However, I can’t resist the temptation to recount one very recent personal experience, occurring on the night of Labor Day. We had taken our boat to our mooring off Crow Island which we have visited now for some thirty years. There we met friends, thinking we would stay for the day and return to our marina before sunset. Instead, we were easily persuaded to stay the night, enjoy a pot luck supper, including fresh dug steamed clams, and although my instincts told me that an exceptionally high tide might make it uncomfortable, I relied on the NOAA forecast of “relatively light winds” for assurance that we would not excessively rock at high tide as we slept. By dark the winds increased to some 20 knots pushing the water of the Long Island Sound over the bar that protects the anchorage. The End Result: all night we rocked, rolled, banged, bow and spring lines loudly snapping and tugging, things thrown off counters, to the point of virtually no sleep. By morning, with the tide subsiding and the wind backing down, we were greeted by this sunrise, a small consolation to a night from hell.
And a few minutes later…..

Monday, August 30, 2010

Batter Up!

It is a moment one almost likens to tales of the unbelievable, news about one's 50th high school reunion. When I graduated from Richmond Hill High School in 1960, it would have been the class of 1910’s turn; it would never happen to us. Now in 2010, it is our turn, my generation no longer on deck, but in the batter’s box, approaching a full count. Baseball metaphors were in my thoughts as I held the invitation to my 50th HS reunion from one of my old classmates.

I had attended the 20th reunion and generally was not recognized or probably more aptly, not remembered. The surreal aspect of that gathering was it took place at the school itself, its hallways, classrooms, and the cafeteria where the reunion was celebrated, all seeming to be diminutive, as if we had either grown into giants or the rooms had shrunk. Recognizable was the old route to the high school, partially along Jamaica Avenue which connected my two childhood homes.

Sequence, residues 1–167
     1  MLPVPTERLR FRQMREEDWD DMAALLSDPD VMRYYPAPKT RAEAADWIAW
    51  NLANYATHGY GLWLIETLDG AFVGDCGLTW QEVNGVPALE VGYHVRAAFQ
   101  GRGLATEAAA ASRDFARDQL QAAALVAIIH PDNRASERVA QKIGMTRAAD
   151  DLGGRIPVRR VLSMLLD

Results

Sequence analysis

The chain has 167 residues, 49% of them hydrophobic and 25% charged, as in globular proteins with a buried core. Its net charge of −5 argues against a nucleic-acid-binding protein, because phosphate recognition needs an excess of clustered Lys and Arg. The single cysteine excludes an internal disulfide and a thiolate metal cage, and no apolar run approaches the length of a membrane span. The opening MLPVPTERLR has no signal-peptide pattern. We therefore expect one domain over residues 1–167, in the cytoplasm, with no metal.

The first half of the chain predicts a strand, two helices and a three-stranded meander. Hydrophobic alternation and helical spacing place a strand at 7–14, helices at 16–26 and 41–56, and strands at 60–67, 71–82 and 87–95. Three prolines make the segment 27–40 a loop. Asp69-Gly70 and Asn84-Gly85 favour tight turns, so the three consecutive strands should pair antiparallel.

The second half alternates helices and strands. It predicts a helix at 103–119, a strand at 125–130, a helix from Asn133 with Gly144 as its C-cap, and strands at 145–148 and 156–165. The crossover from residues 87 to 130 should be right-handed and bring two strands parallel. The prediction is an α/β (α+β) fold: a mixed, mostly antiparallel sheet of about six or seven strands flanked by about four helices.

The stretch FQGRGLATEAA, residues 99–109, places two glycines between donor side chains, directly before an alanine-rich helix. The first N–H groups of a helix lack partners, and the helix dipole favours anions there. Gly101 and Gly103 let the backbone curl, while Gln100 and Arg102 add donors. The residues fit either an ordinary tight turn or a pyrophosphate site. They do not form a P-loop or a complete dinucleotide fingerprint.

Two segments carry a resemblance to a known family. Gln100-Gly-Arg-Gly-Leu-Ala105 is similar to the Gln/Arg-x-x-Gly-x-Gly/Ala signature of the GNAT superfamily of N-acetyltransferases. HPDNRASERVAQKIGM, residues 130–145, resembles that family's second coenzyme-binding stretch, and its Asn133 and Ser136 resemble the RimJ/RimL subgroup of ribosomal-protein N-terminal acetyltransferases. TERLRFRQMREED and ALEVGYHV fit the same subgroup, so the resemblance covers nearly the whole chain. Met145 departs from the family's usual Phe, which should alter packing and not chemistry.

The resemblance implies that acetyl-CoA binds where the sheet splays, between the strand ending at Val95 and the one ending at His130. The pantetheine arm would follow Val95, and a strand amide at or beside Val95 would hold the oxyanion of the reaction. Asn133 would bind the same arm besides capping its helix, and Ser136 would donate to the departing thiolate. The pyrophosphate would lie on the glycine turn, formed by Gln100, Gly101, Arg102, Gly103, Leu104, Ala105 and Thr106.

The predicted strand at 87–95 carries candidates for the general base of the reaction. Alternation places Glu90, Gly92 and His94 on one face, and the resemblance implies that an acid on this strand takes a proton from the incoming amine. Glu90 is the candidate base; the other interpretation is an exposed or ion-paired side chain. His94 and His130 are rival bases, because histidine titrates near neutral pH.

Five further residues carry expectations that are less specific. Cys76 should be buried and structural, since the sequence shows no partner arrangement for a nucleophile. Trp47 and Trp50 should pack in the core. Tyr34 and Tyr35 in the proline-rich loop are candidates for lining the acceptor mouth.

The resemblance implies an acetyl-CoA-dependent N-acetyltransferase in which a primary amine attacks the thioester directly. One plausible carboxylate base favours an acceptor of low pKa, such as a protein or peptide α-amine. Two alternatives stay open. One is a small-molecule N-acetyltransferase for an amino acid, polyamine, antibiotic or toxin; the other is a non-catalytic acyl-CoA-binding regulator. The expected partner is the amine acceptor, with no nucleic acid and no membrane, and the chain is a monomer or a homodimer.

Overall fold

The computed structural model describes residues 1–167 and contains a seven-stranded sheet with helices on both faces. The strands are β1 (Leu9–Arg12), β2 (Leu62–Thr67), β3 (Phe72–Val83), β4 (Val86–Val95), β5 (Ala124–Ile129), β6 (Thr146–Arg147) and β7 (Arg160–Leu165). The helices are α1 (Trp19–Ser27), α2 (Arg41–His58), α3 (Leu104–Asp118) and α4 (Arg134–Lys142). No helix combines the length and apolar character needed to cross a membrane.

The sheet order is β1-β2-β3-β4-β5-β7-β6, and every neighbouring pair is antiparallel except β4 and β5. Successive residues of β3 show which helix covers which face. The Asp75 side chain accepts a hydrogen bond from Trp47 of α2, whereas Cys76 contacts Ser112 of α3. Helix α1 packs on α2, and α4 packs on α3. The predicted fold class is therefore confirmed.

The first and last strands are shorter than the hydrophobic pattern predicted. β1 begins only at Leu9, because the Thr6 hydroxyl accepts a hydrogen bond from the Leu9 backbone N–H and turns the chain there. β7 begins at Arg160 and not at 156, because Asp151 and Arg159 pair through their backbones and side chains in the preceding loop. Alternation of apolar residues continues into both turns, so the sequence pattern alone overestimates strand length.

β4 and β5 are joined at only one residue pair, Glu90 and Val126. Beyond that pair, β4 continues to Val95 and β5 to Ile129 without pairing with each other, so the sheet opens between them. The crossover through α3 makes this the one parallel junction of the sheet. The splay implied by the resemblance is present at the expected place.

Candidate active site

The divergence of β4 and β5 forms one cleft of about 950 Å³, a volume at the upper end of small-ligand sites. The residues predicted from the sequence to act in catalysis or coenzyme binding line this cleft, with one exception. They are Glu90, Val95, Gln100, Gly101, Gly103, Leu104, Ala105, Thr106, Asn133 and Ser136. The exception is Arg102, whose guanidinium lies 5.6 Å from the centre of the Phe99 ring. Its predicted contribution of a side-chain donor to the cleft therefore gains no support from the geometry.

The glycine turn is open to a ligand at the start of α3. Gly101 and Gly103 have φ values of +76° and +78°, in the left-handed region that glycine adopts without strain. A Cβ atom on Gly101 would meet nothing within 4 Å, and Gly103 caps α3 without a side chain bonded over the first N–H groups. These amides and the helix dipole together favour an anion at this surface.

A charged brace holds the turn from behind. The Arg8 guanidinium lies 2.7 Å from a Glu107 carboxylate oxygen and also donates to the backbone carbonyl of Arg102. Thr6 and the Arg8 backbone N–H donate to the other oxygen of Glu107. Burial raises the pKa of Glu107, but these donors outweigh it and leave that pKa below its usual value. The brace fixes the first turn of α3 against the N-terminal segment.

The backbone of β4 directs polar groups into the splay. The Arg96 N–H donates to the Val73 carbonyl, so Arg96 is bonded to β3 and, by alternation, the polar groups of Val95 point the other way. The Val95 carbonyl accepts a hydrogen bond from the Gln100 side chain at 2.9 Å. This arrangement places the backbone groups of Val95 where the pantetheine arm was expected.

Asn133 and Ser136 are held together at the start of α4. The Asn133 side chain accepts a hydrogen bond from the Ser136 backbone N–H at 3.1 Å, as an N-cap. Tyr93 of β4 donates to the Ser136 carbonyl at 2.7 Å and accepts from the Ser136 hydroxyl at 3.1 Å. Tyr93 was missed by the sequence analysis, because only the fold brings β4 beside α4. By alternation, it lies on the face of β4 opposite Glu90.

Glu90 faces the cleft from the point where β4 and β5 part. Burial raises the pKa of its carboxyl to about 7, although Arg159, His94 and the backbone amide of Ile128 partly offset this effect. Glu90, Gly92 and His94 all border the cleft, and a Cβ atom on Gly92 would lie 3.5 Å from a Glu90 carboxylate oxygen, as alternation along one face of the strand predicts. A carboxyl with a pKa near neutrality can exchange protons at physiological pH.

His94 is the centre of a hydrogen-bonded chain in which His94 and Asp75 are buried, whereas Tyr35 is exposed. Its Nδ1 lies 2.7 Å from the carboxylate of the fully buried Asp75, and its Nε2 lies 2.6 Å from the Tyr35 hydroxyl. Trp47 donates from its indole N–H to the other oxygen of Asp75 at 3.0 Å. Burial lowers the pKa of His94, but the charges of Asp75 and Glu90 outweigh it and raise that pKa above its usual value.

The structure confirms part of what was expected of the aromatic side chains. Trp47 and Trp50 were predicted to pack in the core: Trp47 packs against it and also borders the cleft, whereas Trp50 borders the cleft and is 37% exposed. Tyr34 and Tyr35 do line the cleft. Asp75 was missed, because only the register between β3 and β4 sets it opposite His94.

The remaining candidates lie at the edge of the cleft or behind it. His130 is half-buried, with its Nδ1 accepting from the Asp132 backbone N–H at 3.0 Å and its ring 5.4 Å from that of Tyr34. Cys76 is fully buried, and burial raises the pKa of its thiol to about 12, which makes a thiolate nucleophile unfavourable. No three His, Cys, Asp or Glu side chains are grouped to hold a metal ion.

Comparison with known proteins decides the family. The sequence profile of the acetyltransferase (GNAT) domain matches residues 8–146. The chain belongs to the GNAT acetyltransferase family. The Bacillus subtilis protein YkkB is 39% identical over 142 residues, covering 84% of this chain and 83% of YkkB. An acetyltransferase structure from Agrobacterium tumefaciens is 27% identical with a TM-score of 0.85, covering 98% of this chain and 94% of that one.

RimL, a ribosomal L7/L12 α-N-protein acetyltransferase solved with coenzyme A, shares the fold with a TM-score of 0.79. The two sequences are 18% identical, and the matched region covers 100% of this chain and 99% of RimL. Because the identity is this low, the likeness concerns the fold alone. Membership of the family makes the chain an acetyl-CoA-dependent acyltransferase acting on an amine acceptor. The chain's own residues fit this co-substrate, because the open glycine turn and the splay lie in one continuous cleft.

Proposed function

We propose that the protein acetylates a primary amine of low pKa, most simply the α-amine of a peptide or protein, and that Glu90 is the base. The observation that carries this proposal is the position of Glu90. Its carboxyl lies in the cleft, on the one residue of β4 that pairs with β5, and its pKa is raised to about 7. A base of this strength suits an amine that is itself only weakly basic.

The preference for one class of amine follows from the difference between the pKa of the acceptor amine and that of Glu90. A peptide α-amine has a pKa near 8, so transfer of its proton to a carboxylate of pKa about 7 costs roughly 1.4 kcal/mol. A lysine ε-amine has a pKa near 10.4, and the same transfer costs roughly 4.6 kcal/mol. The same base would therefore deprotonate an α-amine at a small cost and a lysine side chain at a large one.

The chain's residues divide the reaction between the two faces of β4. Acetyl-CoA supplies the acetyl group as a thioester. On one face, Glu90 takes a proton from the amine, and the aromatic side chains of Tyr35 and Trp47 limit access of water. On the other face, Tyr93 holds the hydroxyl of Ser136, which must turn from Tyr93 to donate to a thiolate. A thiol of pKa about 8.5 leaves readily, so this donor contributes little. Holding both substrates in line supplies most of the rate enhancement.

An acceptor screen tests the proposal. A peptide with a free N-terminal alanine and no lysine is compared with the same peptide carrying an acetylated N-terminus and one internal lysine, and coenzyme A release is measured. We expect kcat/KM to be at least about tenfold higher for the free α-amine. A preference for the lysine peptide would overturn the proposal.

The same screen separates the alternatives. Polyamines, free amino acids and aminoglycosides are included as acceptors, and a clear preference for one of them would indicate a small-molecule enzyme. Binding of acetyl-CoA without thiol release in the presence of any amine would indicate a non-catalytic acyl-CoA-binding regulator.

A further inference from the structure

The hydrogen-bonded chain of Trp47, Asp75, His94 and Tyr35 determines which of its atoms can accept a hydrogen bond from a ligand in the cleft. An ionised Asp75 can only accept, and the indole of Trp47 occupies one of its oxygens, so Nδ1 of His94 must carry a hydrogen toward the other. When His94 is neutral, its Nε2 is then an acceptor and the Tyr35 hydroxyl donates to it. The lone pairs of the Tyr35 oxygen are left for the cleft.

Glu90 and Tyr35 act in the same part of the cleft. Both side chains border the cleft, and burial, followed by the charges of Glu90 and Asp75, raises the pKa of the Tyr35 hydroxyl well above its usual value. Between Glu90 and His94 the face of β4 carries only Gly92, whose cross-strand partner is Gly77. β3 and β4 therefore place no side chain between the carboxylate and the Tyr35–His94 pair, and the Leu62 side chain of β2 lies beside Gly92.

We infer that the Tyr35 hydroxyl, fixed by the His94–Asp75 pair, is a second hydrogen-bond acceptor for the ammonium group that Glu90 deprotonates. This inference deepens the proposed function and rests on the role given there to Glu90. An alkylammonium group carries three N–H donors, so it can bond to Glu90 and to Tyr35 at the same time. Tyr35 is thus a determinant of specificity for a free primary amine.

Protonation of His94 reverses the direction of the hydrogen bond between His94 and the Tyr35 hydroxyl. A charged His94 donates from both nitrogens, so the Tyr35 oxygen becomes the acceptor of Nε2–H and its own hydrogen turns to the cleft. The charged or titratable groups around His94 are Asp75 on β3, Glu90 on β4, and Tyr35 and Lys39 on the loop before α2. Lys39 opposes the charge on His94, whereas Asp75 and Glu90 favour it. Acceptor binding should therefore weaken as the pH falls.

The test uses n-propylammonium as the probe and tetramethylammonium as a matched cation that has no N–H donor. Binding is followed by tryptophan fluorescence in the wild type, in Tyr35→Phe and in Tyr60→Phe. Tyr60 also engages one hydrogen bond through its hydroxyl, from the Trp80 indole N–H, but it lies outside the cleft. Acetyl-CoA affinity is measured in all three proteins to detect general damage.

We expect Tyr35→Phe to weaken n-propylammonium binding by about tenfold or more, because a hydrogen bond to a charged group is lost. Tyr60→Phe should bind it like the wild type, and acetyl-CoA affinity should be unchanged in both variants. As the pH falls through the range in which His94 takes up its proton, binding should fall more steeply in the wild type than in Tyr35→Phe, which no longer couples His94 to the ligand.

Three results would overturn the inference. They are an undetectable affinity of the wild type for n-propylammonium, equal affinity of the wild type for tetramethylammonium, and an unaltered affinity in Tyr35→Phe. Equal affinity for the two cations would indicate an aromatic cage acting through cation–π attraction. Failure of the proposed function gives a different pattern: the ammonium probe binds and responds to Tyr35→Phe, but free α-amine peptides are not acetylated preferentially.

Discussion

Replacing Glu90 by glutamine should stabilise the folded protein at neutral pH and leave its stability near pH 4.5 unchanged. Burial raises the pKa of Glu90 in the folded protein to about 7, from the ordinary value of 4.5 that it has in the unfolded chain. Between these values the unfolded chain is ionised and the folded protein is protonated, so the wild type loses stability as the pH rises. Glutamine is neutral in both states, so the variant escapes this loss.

Richmond Hill was a working class community of mostly families of German, Italian and Irish heritage. A recent Wall Street Journal article described the evolutionary changes to what used to be called 'Berlin' in the 1800s. Although still a working class community of immigrants, it is now primarily populated by families from India and Guyana. So the baton of opportunity in the New World has been passed on to a new generation of immigrants.

Gone are the landmarks of my youth, in particular, Jahn’s where we spent our teenage after school time or the next door RKO Keith’s where as kids we were drawn to the Saturday matinees and the Triangle Hofbrau diagonally across the street, the restaurant where our family sometimes celebrated special occasions. My father, mother, uncle and aunts had all attended the same high school. Now they are all gone and most of the people I went to school with have migrated east to Long Island or west to New Jersey. Probably no one remains in the old neighborhood.

Our 8th grade graduation photo (I’m second from the right in the first row) shows us on the cusp of entering that high school, with our future selves lying before us. Now we look back and wonder how that deceptively eternal future suddenly became the past, the world of today not even imaginable then.


Friday, August 13, 2010

Low Tide

I mean this literally and figuratively, an astronomical low as evidenced by the photo below of the Norwalk River.

And a walk down Westport’s Main Street, my first in many years, revealing that most of the local shops are gone, the Remarkable Bookstore and Klein’s now a figment of my memory and, in their place, trendy shops one would encounter in an upscale mall. In fact, think of downtown Westport, CT as now being mostly an outdoor mall with only Acorn Pharmacy, Westport Pizzeria, the Liquor Locker, and Oscar's the vestiges of the New England town I once knew.